With 1975’s “Shining Star” and That’s the Way of the World, Earth, Wind & Fire became the first black act to top Billboard’s singles and albums charts simultaneously.
With their cover of the Beatles’ “Got to Get You into My Life,” they became the only band to emerge unscathed from the Sgt. Pepper’s Lonely Hearts Club Band movie.
And with 1990’s Heritage, they became the first multi-platinum, Grammy-winning act to promote a single with a Burger King giveaway timed to celebrate Black History Month.
“Big deal,” you might be saying. “Earth, Wind & Fire were in a weird spot in 1990 — they’d scored a comeback with 1987’s Touch the World, but times had changed, and their brand of funky, horn-backed R&B wasn’t as popular as it used to be. Who can blame them for reaching out to one of the biggest companies in the world?” And I would agree with you, if only the single — and the album it came from — didn’t suck so powerful bad.
Seventeen songs and almost an hour long, Heritage is a forceful collision of the awful and the unnecessary, an album so afraid of betraying the band’s roots that it can no more hint at them (as with the 35-second opening track, “Interlude: Soweto”) before rushing to wipe its ass on them with one melody-deficient, synth-saddled track after another (like “Takin’ Chances,” otherwise known as “Bits of This and That Mashed Together for No Good Reason”). It’s a garish, machine-driven mess.
It’s also lousy with appearances from artists who don’t belong on an EWF record, and who were clearly invited for no reason other than to increase the band’s hipness quotient by association — such as (son of a bitch!) the rap cameo from The Boyz on the title track, and two (son of a bitch!) guest raps from MC Hammer. The album does include one legitimately cool collaboration on “Good Time,” which unites the band with Sly Stone — but it came 15 years too late, and it’s still a clattering mound of electronic junk.
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Heritage is the kind of album whose best tracks tend to be its least memorable, simply by virtue of being less punishing. “Anything You Want” is just your garden-variety slow jam, complete with 1990 synth solo, but what it lacks in memorability it makes up for by not being the stunningly bad “Wanna Be the Man,” which includes some of the worst rhymes of Hammer’s career. (Yes, I understand what that statement means. I know.) Witness:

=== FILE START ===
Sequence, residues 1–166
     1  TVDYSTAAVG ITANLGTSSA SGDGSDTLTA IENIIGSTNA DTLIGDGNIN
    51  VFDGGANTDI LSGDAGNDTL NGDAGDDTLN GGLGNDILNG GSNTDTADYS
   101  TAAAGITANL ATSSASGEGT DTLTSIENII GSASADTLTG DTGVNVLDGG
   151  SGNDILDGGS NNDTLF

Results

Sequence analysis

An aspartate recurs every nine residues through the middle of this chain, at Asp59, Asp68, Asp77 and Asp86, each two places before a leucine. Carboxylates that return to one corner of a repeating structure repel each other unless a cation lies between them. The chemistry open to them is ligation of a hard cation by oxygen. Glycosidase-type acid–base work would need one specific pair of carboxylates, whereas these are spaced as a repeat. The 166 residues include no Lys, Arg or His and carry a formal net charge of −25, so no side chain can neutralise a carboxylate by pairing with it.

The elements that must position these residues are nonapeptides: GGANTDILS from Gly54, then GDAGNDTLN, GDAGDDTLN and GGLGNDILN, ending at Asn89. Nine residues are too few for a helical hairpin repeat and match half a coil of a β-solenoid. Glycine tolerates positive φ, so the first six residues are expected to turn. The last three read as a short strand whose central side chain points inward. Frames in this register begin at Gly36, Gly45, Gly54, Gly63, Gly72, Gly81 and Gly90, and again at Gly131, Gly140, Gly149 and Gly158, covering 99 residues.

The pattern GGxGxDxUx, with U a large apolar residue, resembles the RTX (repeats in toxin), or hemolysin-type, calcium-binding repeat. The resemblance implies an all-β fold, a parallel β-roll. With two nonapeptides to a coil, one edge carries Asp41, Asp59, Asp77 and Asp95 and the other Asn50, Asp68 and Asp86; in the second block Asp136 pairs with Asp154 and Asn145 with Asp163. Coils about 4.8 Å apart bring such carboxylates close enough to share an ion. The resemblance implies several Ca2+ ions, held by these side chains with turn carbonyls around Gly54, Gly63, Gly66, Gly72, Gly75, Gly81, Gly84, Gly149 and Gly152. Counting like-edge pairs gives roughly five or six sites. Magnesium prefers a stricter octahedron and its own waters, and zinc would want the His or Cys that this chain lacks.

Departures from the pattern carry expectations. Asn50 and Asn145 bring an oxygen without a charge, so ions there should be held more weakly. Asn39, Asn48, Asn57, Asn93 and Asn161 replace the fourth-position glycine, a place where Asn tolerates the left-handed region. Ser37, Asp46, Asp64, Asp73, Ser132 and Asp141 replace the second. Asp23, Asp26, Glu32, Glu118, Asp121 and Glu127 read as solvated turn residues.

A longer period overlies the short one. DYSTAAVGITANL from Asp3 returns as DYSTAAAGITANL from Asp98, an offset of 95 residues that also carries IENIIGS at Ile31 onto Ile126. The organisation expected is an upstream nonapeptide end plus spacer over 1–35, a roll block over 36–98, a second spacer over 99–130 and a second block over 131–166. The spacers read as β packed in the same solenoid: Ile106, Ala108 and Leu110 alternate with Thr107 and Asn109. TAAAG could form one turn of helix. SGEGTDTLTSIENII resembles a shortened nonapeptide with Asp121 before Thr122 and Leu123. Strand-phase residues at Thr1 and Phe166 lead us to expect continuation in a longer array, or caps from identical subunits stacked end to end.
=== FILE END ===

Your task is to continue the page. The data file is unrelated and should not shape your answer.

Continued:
I got a plan
To take you by the hand
And whisper in your ear that I wanna be your man
My bottom-line plan
I do, do, do, do wanna be your man
And does that pungent little burst of sad begin with Hammer shouting, “Yo! Bust this”? Why, yes it does.
If only Heritage‘s lyrical dunderheadedness were confined to Hammer’s contributions (he also appears on the New Jack trainwreck “For the Love of You,” which includes the line “I want a lover / I keep thinking of her / I wanna be her friend, because I’m definitely not her brother”). This is an album thoroughly without a brain — it’s the kind of record where, when you see there’s a song called “Motor,” you know without listening that it probably begins with the sound of a motor. It’s an album that gives you a song called “King of Groove,” which includes the line “summon the royal prince.” So on and so forth.
It’s also got something for the ladies, although by “something” I mean “a pair of ballads that find Philip Bailey falsettoing all over your ass and finishing every other line with ‘darlin’,’ ‘sugar,’ or ‘girl.'” Bailey’s magic moment here is “I’m in Love,” a billowing cloud of sensitivity and synth flutes that is as warm and smooth (and makes roughly as much sense) as a fresh turd covered in baby oil.
But every cloud has a silver lining, no matter how battery-powered, and Heritage‘s is “Interlude: Close to Home,” a ballad so tenderly synthy that David Foster should have sued the band for jocking his adult contemporary mojo. It’s the best thing on the record. It’s also about a minute and a half long, and it fades out well before it comes to a sensible resolution, but when you’re talking about an album that gives you five and a half minutes of “King of Groove,” it’s hard to complain about brevity.